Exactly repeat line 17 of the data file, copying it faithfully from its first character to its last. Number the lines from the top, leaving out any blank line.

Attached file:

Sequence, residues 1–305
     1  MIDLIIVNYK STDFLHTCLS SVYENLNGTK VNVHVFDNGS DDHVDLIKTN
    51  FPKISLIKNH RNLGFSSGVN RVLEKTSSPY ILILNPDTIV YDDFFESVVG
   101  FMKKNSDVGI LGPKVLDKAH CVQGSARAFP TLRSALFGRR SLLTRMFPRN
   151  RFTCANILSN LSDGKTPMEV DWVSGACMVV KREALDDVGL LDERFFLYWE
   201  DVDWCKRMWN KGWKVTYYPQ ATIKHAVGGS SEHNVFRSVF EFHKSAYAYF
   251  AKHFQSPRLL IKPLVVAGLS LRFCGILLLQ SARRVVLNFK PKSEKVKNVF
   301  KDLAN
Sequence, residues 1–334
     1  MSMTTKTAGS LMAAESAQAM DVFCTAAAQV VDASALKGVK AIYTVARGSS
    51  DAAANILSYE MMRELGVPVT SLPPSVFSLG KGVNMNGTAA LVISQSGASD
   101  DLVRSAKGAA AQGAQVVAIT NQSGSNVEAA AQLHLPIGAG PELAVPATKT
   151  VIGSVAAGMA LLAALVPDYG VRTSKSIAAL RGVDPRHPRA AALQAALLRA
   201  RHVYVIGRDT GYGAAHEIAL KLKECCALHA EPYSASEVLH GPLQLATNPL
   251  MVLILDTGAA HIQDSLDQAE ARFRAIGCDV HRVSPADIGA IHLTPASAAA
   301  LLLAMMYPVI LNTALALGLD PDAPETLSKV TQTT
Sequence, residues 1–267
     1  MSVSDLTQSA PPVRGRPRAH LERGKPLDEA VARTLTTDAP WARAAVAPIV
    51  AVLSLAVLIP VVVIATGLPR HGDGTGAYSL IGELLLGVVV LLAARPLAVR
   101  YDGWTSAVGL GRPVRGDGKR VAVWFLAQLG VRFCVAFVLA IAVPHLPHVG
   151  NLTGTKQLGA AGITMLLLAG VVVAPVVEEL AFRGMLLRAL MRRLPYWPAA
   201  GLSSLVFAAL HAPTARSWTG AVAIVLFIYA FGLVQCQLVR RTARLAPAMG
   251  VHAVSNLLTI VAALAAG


Sequence, residues 1–267